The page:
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Discussion Starter · #1 ·
Hi all,

Yesterday morning, after a quick read of the MTBR Turner forum, I went out for a sweet 2 hour solo ride on new singletracks not far from home (Yokneam, North Israel).

I got a chance to read Jod's fallen homerella story (Feel well Jod!!!).
I have gone through the experience of helping out fallen riders in the field, and helping them get to a hospital in the past, so Jod's story sounded as yet another medical experience - from the side of the helper/watcher - definately not from the side of the rider. I have always ridden with a good dose of "Do not underestimate the power of denial" (a fantastic quote from the movie American Beauty).

After reading JOD's misfortune, decided to wear my knee&elbow protection, be very careful as I always do on solo rides (yes sure - that the part of the denial).

30 minutes into the ride, I was on the first singletrack, stopping every now and then to get down some unrollable drop by foot, when I noticed a team of riders coming down the same singletrack and riding the drops. Fantastic - not solo any more - lets have fun... I joined the group and began jumping the drops. I am no where near an expert drop rider, but I have been practicing small drops, and but these were small to medium sized, so this was perfect territory to get better.

We found a nice 3-4 foot drop with a descending landing, jumped it, felt fantastic, and decided to jump it again. On the 2nd try, the take-of felt great, except that my weight felt a little too backwards, the air felt fantastic, landed on my rear wheel instead of the front, the front of the bike jacked down as a result, and I was suddently out of control... bike began to drift sidewards...hit a tree... and faceplanted me in the dirt.

Nothing special here - I have fallen a gazillion times before in one way or another in my 15 years of mountain biking... lets just slowly gauge the situation and put this behind me...

Well - I am on my belly, mouth full with dirt, jaw definately hurting. Back too. Nose full of blood. Hard to breath, even harder to talk. But I am fully concsious. Slowly spit the dirt out from my mouth, breathing is better but not great - lets turn around and lay on the back. Very slowly turn on to my back, and breathing improves significantly, but back aches like crazy in the thoratic spine area. Tiny check to see if I can move my head - yes, with no hurt at all, so everything is OK in the cervical area. Tiny check to see if I can move my back - EXTREME PAIN in the thoratic spine area. Extremities are OK - I can feel and can move - lets make sure it stays this way. I make sure to absolutely not move my back and ask my fellow riders to call an ambulance.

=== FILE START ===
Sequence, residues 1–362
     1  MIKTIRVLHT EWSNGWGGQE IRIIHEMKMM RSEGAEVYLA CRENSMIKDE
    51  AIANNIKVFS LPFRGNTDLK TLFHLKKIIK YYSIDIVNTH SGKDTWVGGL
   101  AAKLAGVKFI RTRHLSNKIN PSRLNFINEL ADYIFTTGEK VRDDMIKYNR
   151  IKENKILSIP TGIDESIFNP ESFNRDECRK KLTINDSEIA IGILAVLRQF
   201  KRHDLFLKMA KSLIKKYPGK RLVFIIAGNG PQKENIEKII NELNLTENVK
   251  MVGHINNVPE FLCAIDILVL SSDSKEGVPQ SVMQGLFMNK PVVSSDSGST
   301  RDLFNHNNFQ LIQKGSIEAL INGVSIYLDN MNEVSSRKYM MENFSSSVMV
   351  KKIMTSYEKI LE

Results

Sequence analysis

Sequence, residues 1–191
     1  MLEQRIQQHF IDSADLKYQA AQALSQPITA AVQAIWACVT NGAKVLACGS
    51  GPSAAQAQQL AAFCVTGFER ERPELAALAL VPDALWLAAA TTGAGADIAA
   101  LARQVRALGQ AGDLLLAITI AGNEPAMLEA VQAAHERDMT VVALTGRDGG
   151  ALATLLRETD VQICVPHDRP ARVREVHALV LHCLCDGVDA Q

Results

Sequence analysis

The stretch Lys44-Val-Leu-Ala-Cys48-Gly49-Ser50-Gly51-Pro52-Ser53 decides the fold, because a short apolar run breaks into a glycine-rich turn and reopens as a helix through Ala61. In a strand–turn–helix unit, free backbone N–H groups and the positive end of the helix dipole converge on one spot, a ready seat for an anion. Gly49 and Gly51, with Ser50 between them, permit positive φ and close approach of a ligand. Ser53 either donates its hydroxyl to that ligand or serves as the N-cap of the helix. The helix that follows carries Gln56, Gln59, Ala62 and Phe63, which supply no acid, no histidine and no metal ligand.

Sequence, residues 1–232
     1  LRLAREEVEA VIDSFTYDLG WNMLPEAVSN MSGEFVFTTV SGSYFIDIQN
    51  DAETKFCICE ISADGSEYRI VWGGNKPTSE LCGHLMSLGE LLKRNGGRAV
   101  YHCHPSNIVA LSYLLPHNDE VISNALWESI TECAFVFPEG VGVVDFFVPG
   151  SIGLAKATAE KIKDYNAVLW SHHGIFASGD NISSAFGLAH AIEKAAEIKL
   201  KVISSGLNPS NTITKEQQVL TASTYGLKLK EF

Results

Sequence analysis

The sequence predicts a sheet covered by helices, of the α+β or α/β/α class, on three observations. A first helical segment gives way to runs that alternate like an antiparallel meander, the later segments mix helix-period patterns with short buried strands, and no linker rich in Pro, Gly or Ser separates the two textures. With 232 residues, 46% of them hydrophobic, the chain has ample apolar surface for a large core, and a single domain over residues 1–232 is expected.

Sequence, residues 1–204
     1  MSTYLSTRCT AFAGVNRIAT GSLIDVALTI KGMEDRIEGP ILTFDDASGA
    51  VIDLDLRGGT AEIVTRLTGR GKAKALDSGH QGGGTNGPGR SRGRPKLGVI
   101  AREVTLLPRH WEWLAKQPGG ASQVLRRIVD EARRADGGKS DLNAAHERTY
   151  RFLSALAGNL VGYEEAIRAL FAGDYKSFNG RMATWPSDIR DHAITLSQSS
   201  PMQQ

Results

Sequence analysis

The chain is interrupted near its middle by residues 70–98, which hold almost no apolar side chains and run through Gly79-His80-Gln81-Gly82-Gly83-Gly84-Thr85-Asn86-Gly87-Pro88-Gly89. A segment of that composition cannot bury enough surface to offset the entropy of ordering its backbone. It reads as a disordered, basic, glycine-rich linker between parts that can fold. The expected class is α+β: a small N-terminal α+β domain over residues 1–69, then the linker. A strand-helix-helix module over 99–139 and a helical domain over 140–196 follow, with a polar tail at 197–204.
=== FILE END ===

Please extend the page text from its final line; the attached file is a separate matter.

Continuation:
Bottom line, I found myself in the woods, with a bunch of fellow riders, with a strong suspicion that I have spine injury somewhere in the thoratic vertebrae.

Even though we were close to a resedential area, and there were quite a few cellular phones there, it took almost an hour until an ambulance was able to arrive, and almost 2 hours until I reached the hospital. The first ambulance could not get deep enough in the dirt roads, so they had to call a 4x4 ambulance. During this entire time, I was lying on my back, looking at the sky (beautiful day by the way), thanking god that my breathing was OK and that I was not in shock - 2 things which would be that much more dangerous with the amount of time that help took to arrive (over an hour).

The short trip on the stretcher to the ambulance was pretty surreal - zero control, face toward the bottom of the hill, continuous jolts due to the movement in downhill terrain. hoping the medics don't slip on the muddy terrain.. .

During the entire trip to the hospital, I continuously moved my toes with the sudden understanding that this trivial thing is oh so very precious, and that I need to make sure my back remains absolutely still until I find out whats going on there.

Once I arrived at the hospital, spinal X-ray indeed showed a suspicion of a thoratic vertebral break. But an hour later, CT cleared it - THANK GOD!!! Head, jaw with no bone breaks either, just a lot of soft tissue damage, bruises and muscular pain around the spine.

It will definately hurt in the next few days, but except for a serious fright, nothing special here.

In short - be VERY CAREFUL out there, dress for the fall (I am finally going to get myself that full-face helmet), and yes - it can happen to you.


P.S. 5-spot is fine. Can't wait to get back on it.

· Registered
2,271 Posts
Glad to hear your ok, I was feeling faint just reading that trying to imagine the pain and then you realize your messed up in side from a certain pain, real scarey stuff!
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